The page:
I once heard the poet Jane Hirshfield say that all true poems are compassionate at heart. To test her theory, she explained, she thought of the least compassionate-seeming poem she knew: Philip Larkin’s “This Be The Verse.” It passed her test, she said —not because the poem is forgiving or tender, but because of its knowledge of karma, of how suffering is transmitted between generations.
Many of the poems—particularly those in the book’s first section, which focuses on the speaker’s childhood—are set in Virginia, where the long-ago horrors of the Civil War still suffuse the landscape. “Hazel Run” describes the speaker playing in a creek where once, during the Battle of the Wilderness, “the swollen banks burst” from “carrying so much blood”:
The children knew this history by instinct,
war between brothers. Your body
just obeyed, crouch and clinch, the reflex against another body
in its strike.
Before the violence of adulthood was the violence of childhood
and before that a whole history of bloodshed as inheritance.
We were always injured down there in our woods, in the waters
of our creek,
ankles serrated, braceleted in barbed wire, our fingers stippled
from the pincers of the crawdads we caught and released,
drops of our cells like blotches of ink
on the wet pebbles,
seeping into the sparkling sand.
The second and third sections of Thrust map the speaker’s journey into a sometimes radiant, sometimes terrifying world of adult sexuality and desire. “Violence lives in close proximity to love,” writes the poet and critic Claire Schwartz in a review of Ocean Vuong’s Night Sky with Exit Wounds. “Violence and desire are both shades of intimacy.” Thrust bears out this truth. As the poems tangle longing, ecstasy, obsession, damage, and grief, they trace the constantly shifting terrain between connection and estrangement, nourishment and hurt. “Julian Schnabel in His Studio on West 111th Street,” which I read over and over, beautifully exemplifies the rapid-fire movement in Thrust between the seemingly opposite states of being that can—that so often do—make up human love. Meditating on a picture and then on the letters she exchanges with her lover, the speaker muses: “…this is just a photograph, // the trace of light on a lens. And these are just words, the trace of your hand.” And then, with barely a breath in between, “In the postcard I write back to you // I am pressing my hand to your chest. I am touching you, full stop.”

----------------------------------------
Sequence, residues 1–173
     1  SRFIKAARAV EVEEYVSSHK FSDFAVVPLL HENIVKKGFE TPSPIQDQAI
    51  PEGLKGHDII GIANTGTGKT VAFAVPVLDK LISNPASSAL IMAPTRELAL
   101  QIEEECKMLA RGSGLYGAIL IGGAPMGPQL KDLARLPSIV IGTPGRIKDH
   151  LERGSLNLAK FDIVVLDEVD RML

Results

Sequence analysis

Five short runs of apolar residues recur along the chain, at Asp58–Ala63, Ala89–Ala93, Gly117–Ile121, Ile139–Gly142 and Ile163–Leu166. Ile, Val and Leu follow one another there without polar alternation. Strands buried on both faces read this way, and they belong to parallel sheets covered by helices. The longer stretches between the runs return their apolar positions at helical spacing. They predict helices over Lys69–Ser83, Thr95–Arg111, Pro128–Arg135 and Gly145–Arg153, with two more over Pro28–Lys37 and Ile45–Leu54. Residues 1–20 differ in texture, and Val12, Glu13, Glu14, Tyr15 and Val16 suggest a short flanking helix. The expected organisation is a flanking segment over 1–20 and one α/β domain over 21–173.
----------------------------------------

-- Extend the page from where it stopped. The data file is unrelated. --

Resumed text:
Even a rape the speaker experiences is given to us as multifaceted, never fully what we might expect: “He entered through the doorway, / pushed me into the room. I comforted him, spoke // to him like a mother to her son.” (“Mercy Seat”) I love the capacity of these poems to hold tensions and extremes, their relentless seeing-into of the body and heart.
At every turn, the poems in Thrust refuse easy dichotomies. The natural world is both luminous refuge, in which rain is “handwritten in the leaves of the silverbell” and migrating monarchs become “a maple tree flaring its fires,” and the scene of pain and danger. The contradictions are clear in this single line from “Catherine’s Furnace”: “My home was No Man’s Land, perfume of magnolias in the dusk.” As hungry as the speaker is to escape Virginia and her past, she’s equally hungry to return. “I went back and mapped it out // with GPS,” she says in “Hazel Run.” “Nothing had changed.” And “To Keep Alive With You” opens, “I came back to Virginia to dig up what was lost / out of the vomit-scented clay.” The speaker longs to witness and transform. As “Zugenruhe” insists, “Reclaim the body, its pain / even, ours to thrill and tremble…Trust me.”
It feels easy to trust this poet’s capacious vision, her refusal to turn away or settle. Thrust draws the reader deep into its world; its poems pull as fiercely as home and history and sex tug at the speaker. And, in their open-heartedness and hunger for what’s real, they invite our participation, as in the final lines of “Zugenruhe”: “Time to get going. / Friend, accompany me.”